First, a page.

LOUISVILLE, Ky. (WDRB) -- Louisville Metro Corrections Director Mark Bolton will retire this summer after 40 years in the industry, Mayor Greg Fischer announced Friday.
Bolton had led the jail through a series of turbulent years, highlighted by its battles with overcrowding, rising drug arrests and numerous other problems. Back in 2017, 87 percent of Fraternal Order of Police members who voted said they had no confidence in Bolton.
According to Friday's news release from Fischer's office, Metro Corrections has become the "largest de facto detox facility in the region." Under Bolton's leadership, the jail has seen technological improvements and GPS tracking.
“Mark has embraced our administration’s mantra of ‘what gets measured gets improved,’ and our Corrections Department is the better for it,” Fischer said in the news release. “He and his team deal with a challenging population, but Mark is committed to treating inmates in a professional and compassionate manner, with a commitment to offering them more opportunity when they leave than when they come in. I am grateful for that.”
At various times over the last few years, the jail has far surpassed its capacity of 1,800, prompting Bolton to move inmates to the 1950s-era jail above LMPD Headquarters. The overcrowding had several residual effects, including plumbing problems, extra overtime for workers, an influx of drugs smuggled inside and violence.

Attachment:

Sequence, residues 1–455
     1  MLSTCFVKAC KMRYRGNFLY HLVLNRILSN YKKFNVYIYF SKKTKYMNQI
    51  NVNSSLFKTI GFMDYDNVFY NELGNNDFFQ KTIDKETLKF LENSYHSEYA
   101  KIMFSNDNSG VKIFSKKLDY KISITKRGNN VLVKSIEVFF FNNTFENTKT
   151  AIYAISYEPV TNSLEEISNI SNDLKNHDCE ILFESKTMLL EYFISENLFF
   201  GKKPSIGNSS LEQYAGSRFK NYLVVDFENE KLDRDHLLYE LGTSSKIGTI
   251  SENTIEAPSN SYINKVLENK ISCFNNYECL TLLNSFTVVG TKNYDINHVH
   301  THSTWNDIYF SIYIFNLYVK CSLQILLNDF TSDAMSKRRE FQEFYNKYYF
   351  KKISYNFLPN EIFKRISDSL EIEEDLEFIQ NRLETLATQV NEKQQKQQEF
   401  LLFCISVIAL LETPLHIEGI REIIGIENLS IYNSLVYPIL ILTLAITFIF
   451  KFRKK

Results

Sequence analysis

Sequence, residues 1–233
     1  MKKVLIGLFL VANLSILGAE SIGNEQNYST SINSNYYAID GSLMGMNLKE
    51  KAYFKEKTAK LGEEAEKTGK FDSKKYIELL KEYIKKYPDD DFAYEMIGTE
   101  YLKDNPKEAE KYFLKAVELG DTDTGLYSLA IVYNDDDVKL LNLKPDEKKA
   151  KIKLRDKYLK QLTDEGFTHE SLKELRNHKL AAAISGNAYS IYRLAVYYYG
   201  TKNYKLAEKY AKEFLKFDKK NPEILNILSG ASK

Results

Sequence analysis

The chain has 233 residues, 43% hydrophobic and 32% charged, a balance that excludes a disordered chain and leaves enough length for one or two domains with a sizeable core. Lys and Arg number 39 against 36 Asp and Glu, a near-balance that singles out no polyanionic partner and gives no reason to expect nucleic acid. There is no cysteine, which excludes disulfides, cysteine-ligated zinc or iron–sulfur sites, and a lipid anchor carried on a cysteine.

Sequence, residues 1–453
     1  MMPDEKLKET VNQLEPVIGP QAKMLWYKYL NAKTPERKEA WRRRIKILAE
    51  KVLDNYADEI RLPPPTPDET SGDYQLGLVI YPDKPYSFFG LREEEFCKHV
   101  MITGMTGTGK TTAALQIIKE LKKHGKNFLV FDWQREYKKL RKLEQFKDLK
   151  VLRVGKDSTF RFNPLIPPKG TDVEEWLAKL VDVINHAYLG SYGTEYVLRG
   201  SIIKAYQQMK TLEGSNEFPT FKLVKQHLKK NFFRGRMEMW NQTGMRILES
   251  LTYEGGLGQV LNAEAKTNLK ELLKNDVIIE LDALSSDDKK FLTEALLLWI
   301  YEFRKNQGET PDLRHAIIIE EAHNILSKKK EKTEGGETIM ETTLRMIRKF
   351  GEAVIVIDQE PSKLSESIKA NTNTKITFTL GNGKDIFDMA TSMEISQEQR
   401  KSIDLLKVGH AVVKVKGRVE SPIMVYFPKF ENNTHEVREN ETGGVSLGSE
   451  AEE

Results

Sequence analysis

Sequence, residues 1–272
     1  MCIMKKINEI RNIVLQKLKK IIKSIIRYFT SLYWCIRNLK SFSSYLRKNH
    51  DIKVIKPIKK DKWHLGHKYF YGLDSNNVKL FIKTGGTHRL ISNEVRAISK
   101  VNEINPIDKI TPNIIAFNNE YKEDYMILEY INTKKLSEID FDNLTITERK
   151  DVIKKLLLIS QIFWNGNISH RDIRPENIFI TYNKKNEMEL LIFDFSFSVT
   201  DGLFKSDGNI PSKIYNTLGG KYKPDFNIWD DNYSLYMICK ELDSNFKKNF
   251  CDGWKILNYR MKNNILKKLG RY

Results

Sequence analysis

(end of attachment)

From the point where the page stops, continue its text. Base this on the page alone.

Bolton began a backpack program in 2015 that equipped discharged inmates clothes, clean socks and underwear, shoes, hygiene items, bus tickets, medication, Medicaid enrollment and resource handbooks on where to get help. He also worked with judges to get more non-violent inmates released to combat the jail's overcrowding issues.
Bolton was was initially appointed by former Mayor Jerry Abramson.
“Throughout my tenure in Louisville, my team and I have stood strong for employee safety, inmate safety and public safety, and remained focused on our community values: transparency, accountability, compassion and our citizen bill of rights,” Bolton said in the release, promising that, in retirement, “I will continue to work as an advocate for criminal justice reform, restorative justice; addiction treatment, homelessness, and mental health advocacy for justice-involved populations, both locally and at a national reform level.
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